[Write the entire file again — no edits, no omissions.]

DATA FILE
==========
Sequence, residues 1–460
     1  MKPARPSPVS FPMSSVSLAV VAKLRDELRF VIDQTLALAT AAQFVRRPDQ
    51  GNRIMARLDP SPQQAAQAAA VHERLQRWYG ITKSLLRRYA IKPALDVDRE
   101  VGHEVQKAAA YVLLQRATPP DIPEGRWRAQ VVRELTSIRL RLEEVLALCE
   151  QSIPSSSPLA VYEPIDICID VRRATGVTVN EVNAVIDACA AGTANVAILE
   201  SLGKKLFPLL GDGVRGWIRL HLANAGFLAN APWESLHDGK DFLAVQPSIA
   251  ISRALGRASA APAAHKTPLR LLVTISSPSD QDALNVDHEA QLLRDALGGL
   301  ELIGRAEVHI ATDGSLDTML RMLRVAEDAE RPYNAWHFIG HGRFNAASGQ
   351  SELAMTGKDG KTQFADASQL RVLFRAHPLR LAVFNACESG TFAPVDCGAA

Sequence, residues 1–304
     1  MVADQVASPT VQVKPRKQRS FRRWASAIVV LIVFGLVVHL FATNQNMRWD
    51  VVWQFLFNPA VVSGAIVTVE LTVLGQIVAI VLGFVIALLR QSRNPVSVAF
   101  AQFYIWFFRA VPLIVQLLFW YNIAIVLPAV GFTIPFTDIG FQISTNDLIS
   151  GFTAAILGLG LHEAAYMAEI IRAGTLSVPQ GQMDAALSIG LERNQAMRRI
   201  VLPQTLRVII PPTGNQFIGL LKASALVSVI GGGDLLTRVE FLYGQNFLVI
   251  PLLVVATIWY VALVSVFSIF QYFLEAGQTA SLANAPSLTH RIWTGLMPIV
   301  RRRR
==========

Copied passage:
Sequence, residues 1–460
     1  MKPARPSPVS FPMSSVSLAV VAKLRDELRF VIDQTLALAT AAQFVRRPDQ
    51  GNRIMARLDP SPQQAAQAAA VHERLQRWYG ITKSLLRRYA IKPALDVDRE
   101  VGHEVQKAAA YVLLQRATPP DIPEGRWRAQ VVRELTSIRL RLEEVLALCE
   151  QSIPSSSPLA VYEPIDICID VRRATGVTVN EVNAVIDACA AGTANVAILE
   201  SLGKKLFPLL GDGVRGWIRL HLANAGFLAN APWESLHDGK DFLAVQPSIA
   251  ISRALGRASA APAAHKTPLR LLVTISSPSD QDALNVDHEA QLLRDALGGL
   301  ELIGRAEVHI ATDGSLDTML RMLRVAEDAE RPYNAWHFIG HGRFNAASGQ
   351  SELAMTGKDG KTQFADASQL RVLFRAHPLR LAVFNACESG TFAPVDCGAA

Sequence, residues 1–304
     1  MVADQVASPT VQVKPRKQRS FRRWASAIVV LIVFGLVVHL FATNQNMRWD
    51  VVWQFLFNPA VVSGAIVTVE LTVLGQIVAI VLGFVIALLR QSRNPVSVAF
   101  AQFYIWFFRA VPLIVQLLFW YNIAIVLPAV GFTIPFTDIG FQISTNDLIS
   151  GFTAAILGLG LHEAAYMAEI IRAGTLSVPQ GQMDAALSIG LERNQAMRRI
   201  VLPQTLRVII PPTGNQFIGL LKASALVSVI GGGDLLTRVE FLYGQNFLVI
   251  PLLVVATIWY VALVSVFSIF QYFLEAGQTA SLANAPSLTH RIWTGLMPIV
   301  RRRR